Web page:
- The Washington Times - Wednesday, April 1, 2009

WASHINGTON (AP) - Most Republicans boycotted the hearing Wednesday for President Barack Obama’s first judicial nominee, allowing Democrats to pitch softballs to David Hamilton in his quest for a seat on a Midwestern appeals court.

The committee will not vote on the nomination for several weeks. But with Republicans complaining of inadequate preparation time, the hearing signaled a rocky beginning to Obama’s attempt to remake the federal judiciary.

Hamilton, a U.S. district judge from Indiana, has issued a number of controversial rulings in more than 1,100 opinions and nearly 15 years on the bench. He struck down the use of sectarian prayer to open the Indiana legislature and also ruled against a state law that required a woman seeking abortion services to receive counseling from her doctor. The counseling was required at least 18 hours before the procedure.

Both decisions were reversed by the Chicago-based 7th U.S. Circuit Court of Appeals, where Hamilton would serve if confirmed. The circuit hears appeals from lower courts in Wisconsin, Indiana and Illinois.

The judiciary committee includes some of the most conservative Republican senators, Without their presence and their challenges, Democrats simply asked Hamilton to explain a few of his rulings.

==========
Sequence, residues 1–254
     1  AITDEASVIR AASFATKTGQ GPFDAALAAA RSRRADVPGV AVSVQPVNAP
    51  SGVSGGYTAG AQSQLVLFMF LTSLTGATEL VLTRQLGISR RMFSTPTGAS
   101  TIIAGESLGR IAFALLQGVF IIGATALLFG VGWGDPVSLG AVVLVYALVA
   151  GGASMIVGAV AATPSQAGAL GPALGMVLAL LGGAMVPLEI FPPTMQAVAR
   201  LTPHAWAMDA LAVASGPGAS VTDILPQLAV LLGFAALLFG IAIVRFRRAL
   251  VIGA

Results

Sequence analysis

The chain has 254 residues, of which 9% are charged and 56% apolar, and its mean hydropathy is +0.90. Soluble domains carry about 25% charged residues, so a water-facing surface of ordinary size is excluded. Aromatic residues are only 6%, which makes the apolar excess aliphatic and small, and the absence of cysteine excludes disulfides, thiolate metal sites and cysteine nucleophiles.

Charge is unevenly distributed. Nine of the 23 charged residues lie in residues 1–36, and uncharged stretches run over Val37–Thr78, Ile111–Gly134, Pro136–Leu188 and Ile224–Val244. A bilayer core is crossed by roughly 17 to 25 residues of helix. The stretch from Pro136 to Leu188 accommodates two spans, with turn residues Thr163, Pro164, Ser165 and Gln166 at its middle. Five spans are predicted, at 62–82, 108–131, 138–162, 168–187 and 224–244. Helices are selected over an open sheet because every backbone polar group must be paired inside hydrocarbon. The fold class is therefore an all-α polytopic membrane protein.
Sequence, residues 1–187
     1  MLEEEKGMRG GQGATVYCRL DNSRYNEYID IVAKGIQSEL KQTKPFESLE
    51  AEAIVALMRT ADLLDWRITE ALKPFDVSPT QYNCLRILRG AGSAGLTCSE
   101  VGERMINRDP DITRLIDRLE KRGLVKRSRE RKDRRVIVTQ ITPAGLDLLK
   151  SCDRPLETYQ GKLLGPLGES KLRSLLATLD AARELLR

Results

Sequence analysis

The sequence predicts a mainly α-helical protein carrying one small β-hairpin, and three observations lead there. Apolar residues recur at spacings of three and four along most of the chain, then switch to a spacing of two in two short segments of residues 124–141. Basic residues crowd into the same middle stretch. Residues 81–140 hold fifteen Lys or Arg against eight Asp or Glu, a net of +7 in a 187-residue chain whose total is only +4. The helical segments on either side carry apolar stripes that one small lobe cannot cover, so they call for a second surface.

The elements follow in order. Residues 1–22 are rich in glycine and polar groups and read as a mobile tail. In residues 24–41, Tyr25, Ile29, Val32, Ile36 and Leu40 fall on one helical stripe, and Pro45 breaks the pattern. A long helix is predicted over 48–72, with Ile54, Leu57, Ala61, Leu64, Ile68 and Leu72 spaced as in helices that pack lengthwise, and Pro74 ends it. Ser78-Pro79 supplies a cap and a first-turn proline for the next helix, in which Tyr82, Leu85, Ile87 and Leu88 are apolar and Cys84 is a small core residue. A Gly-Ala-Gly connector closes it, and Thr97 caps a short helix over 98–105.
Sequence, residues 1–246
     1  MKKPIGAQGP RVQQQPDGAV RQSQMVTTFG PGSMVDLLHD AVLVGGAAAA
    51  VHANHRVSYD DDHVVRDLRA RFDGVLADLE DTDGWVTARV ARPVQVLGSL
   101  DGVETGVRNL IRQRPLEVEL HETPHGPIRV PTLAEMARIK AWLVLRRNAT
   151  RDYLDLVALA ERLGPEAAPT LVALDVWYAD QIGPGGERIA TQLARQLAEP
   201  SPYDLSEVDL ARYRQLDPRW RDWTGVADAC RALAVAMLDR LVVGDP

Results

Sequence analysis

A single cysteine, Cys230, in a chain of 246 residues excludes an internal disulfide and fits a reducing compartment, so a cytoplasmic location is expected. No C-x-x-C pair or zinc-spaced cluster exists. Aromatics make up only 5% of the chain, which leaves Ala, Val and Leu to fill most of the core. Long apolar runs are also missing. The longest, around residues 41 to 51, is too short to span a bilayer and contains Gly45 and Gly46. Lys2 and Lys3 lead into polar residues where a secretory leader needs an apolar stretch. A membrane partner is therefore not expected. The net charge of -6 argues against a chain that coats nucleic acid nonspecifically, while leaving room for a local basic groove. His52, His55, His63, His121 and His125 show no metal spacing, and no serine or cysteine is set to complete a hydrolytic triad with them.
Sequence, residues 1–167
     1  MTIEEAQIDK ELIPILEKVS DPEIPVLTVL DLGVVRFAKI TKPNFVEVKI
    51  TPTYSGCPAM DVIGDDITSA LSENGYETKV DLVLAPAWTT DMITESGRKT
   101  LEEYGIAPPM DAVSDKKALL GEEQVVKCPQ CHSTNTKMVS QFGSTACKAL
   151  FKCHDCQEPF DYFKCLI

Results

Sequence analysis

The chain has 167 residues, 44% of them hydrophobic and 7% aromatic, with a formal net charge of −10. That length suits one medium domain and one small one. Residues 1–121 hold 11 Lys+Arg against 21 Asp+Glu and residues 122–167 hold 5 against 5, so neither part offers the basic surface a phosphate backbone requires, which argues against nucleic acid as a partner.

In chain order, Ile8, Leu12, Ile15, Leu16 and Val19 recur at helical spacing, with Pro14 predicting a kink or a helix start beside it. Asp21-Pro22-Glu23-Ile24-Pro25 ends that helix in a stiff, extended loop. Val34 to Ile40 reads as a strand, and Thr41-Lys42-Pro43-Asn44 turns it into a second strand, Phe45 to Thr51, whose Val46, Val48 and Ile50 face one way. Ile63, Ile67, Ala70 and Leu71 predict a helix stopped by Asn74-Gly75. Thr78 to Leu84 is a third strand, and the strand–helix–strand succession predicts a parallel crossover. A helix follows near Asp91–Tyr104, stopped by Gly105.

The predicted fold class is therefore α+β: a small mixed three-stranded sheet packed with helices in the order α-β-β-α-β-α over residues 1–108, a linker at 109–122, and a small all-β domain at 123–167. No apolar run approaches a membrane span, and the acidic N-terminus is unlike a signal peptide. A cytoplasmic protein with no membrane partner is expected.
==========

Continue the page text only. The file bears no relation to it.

He said he threw out a state law allowing warrantless searches of sex offenders’ computers _ after the offenders completed their sentences _ because it was unconstitutional. The ruling was not appealed.

Hamilton added the prayer and abortion rulings were consistent with other court rulings.

He also emphasized, “The federal judiciary is not a place for anyone to exercise their personal opinions.”

The ranking Republican on the committee, Sen. Arlen Specter of Pennsylvania, appeared at the start to say how “very distasteful” it was that Republicans weren’t given adequate preparation time.

Specter complained that Hamilton was nominated March 17 and submitted answers to an extensive questionnaire on March 24. He said the boxes containing Hamilton’s opinions and other writings could be four feet high if he had chosen to pile them on the room’s rectangular conference table.

The other Republican to show up was Indiana’s senior senator, Richard Lugar, who couldn’t say enough to praise Hamilton’s qualifications.

In other responses to the questions from Democrats, Hamilton said he expected to work well with colleagues on the 11-seat appeals court, hopes that Congress will give the judiciary adequate resources and knows when it’s necessary to avoid cases that could present a conflict of interest.

Sen. Amy Klobuchar, D-Minn., captured the sentiment best when she briefly ran the hearing and said, “This is my party now” but “half the people didn’t come.” She later lamented, “There was no one to tango with.”

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